About this artwork
Throughout his career, Édouard Manet managed to shock and confound the public with his bold technique and unorthodox approach to subject matter. The most startling feature of his great religious composition Jesus Mocked by the Soldiers is that it was painted at all. After the advent of the Realist movement in earlier nineteenth-century French painting, grounded in the here and now, avant-garde artists in France did not pursue religious themes. Yet, while Manet was most certainly a painter of secular subjects—indeed, he was particularly urbane in his themes and lifestyle—he was also interested in the biblical narratives that had compelled artists for many centuries. It is likely that there was a connection between this interest and the popular 1863 biography Vie de Jésus (Life of Jesus) by the French philosopher and historian Joseph-Ernest Renan, a controversial work that emphasizes Christ’s humanity.
In this painting, Manet portrayed Jesus as very human and vulnerable by presenting him frontally; by making him seem passive, almost limp; and by surrounding him with rather gruff characters. The canvas’s visible brushstrokes and its almost monochromatic tonality create an insistent sense of materiality that further evokes a palpable, unidealized Christ. The work depicts the moment when Jesus’s captors mock the “King of the Jews” by crowning him with thorns and covering him with a robe. Although, according to the Gospel story, this taunting was followed by beatings, Manet’s soldiers appear ambivalent as they surround the pale, denuded figure. In these ways Manet managed to present a traditional subject in a contemporary, challenging light.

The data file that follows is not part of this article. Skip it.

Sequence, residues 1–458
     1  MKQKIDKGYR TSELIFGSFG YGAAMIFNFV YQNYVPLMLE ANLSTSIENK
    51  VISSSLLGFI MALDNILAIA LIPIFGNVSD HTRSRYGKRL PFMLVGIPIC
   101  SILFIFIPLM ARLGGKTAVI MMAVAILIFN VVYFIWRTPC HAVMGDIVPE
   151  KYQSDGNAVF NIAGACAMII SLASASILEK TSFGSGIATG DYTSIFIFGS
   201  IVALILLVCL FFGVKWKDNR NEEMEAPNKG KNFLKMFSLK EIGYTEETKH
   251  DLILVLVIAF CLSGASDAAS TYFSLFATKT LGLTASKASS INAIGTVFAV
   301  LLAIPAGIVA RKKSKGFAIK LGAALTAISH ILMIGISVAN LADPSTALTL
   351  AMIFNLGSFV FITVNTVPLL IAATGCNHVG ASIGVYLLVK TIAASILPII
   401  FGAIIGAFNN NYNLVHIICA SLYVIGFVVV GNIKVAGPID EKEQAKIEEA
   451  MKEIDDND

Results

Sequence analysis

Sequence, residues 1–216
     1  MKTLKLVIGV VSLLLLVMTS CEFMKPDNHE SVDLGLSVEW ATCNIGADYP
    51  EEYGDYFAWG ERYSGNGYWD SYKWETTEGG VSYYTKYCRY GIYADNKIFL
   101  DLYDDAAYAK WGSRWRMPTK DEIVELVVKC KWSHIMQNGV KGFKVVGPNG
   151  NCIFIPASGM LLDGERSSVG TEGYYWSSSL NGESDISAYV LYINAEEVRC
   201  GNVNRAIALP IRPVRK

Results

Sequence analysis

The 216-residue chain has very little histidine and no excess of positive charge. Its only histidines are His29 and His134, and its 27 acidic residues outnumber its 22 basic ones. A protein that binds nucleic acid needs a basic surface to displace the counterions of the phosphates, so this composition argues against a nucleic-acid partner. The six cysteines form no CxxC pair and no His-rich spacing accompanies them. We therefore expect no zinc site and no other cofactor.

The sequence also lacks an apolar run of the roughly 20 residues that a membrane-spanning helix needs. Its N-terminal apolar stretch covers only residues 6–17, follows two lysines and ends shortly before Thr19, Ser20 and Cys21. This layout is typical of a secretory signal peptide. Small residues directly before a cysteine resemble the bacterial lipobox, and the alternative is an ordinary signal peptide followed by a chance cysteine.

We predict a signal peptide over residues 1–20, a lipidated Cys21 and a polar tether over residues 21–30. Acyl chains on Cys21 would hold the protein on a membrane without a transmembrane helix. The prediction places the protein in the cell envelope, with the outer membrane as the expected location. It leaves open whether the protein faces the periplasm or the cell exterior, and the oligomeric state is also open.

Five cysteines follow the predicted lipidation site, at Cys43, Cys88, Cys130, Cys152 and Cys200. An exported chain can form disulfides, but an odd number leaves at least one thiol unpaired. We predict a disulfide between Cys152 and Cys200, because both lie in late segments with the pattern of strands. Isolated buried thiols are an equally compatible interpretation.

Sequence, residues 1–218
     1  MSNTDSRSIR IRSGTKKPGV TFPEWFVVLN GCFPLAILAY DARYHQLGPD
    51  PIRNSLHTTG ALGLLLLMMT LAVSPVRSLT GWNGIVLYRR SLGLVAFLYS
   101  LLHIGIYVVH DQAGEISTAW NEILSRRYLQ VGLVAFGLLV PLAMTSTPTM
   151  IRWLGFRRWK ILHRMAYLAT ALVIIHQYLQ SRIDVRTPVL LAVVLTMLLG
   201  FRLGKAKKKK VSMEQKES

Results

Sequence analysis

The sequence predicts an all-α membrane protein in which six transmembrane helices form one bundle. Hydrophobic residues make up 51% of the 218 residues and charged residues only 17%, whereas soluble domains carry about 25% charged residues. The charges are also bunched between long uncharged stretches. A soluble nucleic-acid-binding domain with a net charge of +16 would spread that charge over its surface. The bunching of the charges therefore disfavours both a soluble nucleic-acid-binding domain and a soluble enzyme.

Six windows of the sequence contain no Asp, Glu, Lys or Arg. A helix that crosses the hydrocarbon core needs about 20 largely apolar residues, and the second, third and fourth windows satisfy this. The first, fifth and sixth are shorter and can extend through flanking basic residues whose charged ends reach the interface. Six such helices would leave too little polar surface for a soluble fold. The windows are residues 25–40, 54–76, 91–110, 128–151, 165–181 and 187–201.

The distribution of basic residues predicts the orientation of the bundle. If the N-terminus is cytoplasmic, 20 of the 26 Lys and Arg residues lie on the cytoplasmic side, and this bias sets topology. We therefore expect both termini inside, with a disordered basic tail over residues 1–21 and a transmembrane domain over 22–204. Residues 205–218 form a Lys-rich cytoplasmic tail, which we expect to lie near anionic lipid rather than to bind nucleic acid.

- Édouard Manet
- Jesus Mocked by the Soldiers
- Oil on canvas
- Inscribed at lower right: Manet
- 190.8 × 148.3 cm (74 7/8 × 58 3/8 in.)
- Gift of James Deering